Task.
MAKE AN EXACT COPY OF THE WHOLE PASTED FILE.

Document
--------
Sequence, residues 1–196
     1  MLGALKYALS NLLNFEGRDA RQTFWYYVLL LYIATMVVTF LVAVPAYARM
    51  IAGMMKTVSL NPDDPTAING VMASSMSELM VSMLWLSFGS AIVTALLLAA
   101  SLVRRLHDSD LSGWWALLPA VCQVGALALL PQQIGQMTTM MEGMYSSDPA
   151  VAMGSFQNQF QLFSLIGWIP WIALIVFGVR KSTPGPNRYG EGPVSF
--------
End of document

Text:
Sequence, residues 1–196
     1  MLGALKYALS NLLNFEGRDA RQTFWYYVLL LYIATMVVTF LVAVPAYARM
    51  IAGMMKTVSL NPDDPTAING VMASSMSELM VSMLWLSFGS AIVTALLLAA
   101  SLVRRLHDSD LSGWWALLPA VCQVGALALL PQQIGQMTTM MEGMYSSDPA
   151  VAMGSFQNQF QLFSLIGWIP WIALIVFGVR KSTPGPNRYG EGPVSF